Statistical Data Analysis
The initial performance in recognizing the simulated objects was calculated in terms of the accuracy in the pre-test (see Table 1). It should be noted that the initial performance in pre-test was calculated to show the starting point for the training/generalization effect. In Experiment 1, the starting point was calculated as the accuracy in block 1 because the training effect was measured as the difference between block 3 and block 1. In Experiment 2, the initial performance was calculated as the accuracy in pre-test because the generalization effect was measured as the difference between post-test 1 and pre-test. 
The mean accuracy in each block/session for each group is shown in Figure 3. To replicate the effect during training in Experiment 1, a mixed logit model as in Experiment 1 was carried out to model the binary choice (correct versus incorrect response) in each trial during the training session. As in Experiment 1, group (video training versus image training), block order (1, 2, vs. 3), and the interaction between group and block order were included as fixed factors while the individual subjects and the simulated objects were included as random factors. 
Figure 3.
 
Accuracies with standard errors are shown as a function of session and group in Experiment 2. Post-test 2 was conducted a week after the other sessions.
Figure 3.
 
Accuracies with standard errors are shown as a function of session and group in Experiment 2. Post-test 2 was conducted a week after the other sessions.
To test whether the performance in a different task can be improved after training, a mixed logit model was performed with group (video training versus image training), test session (pre-test versus post-test 1), and the interaction between group and test session being included as fixed factors, whereas the individual subjects and the simulated objects being included as random factors.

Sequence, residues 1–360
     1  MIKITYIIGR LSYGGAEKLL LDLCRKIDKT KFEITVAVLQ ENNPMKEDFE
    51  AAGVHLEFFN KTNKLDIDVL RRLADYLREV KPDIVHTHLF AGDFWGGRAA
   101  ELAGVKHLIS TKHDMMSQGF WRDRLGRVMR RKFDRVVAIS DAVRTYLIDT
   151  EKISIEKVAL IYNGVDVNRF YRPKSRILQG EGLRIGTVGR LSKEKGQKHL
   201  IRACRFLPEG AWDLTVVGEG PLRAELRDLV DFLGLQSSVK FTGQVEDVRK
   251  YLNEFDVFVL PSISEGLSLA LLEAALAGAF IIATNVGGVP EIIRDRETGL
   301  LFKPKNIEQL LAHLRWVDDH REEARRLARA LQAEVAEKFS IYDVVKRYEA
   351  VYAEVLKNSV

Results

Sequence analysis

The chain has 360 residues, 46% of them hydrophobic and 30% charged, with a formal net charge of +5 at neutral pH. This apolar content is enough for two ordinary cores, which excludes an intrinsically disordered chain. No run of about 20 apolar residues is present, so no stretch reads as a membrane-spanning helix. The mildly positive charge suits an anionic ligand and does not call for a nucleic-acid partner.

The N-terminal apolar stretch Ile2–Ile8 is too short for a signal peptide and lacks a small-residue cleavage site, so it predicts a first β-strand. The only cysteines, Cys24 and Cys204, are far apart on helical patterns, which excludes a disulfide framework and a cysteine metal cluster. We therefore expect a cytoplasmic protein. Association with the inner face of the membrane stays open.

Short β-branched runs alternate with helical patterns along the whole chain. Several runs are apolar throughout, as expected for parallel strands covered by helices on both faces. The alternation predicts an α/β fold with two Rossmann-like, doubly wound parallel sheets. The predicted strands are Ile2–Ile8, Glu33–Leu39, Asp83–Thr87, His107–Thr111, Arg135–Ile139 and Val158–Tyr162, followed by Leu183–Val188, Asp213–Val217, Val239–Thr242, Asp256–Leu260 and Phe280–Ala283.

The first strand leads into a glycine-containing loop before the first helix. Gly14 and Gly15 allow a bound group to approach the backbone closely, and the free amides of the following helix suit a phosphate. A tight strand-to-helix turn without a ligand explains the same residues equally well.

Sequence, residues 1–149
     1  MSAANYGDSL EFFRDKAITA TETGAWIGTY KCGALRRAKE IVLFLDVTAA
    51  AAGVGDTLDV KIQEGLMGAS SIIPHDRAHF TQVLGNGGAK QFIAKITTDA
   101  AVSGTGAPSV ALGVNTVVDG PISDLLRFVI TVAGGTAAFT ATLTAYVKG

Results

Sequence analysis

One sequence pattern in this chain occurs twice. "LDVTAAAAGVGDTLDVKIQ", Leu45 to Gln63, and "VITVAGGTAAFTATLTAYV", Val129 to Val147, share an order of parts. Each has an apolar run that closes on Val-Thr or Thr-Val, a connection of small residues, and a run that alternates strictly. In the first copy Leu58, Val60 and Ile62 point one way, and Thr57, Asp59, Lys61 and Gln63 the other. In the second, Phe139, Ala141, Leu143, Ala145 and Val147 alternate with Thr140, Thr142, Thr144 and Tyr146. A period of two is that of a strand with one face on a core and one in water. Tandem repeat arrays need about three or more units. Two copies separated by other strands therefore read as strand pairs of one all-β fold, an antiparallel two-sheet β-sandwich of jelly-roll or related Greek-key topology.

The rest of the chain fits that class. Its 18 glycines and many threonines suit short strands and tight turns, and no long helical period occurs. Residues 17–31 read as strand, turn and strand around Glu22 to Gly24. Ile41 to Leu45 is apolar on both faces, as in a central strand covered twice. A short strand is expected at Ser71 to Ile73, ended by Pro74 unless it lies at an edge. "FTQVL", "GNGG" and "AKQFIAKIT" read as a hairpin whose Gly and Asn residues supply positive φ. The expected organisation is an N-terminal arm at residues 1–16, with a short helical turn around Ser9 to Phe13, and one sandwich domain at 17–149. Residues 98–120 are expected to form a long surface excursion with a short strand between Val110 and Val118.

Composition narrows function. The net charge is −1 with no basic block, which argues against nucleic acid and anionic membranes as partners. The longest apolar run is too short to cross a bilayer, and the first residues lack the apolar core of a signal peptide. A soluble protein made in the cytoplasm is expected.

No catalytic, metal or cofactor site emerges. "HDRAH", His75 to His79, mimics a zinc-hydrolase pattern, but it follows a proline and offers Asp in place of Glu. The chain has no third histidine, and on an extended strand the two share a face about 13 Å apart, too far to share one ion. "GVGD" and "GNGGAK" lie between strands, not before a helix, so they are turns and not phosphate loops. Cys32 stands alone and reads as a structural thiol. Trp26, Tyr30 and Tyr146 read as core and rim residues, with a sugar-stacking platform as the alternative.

To show if the persistence of the improvement after training, as in Experiment 1, the accuracy in post-test 1 and the accuracy in post-test 2 were compared using BF analysis for each of the two groups. The retention score of each group was obtained by subtracting the accuracy in post-test 1 from the accuracy in post-test 2. An independent t-test was then conducted to compare the retention scores of the two groups. 
Results
Initial Performance in Recognizing Each Object
For the video group, the initial performances in recognizing 6 (banana, cup, hourglass, pear, rose, and spoon) of the 8 objects were above the theoretical chance-level (25%), all p < 0.05, (one-sided, with Bonferroni corrections for the 8 comparisons), whereas the initial performance in recognizing the scissors and stapler did not exceed the theoretical chance-level, both p > 0.1. For the image group, the initial performance in recognizing 6 (banana, cup, hourglass, pear, and scissors) of 8 objects were above the theoretical chance-level (25%), all p < 0.05 (one-sided, with Bonferroni corrections for the 8 comparisons), whereas the initial performance in recognizing the rose and stapler did not exceed the theoretical chance-level, both p > 0.1. In addition, the independent t-tests showed that the initial accuracies for each of the 8 objects did not differ between the 2 groups, all p > 0.09 (two-sided, with Bonferroni corrections for the 8 comparisons).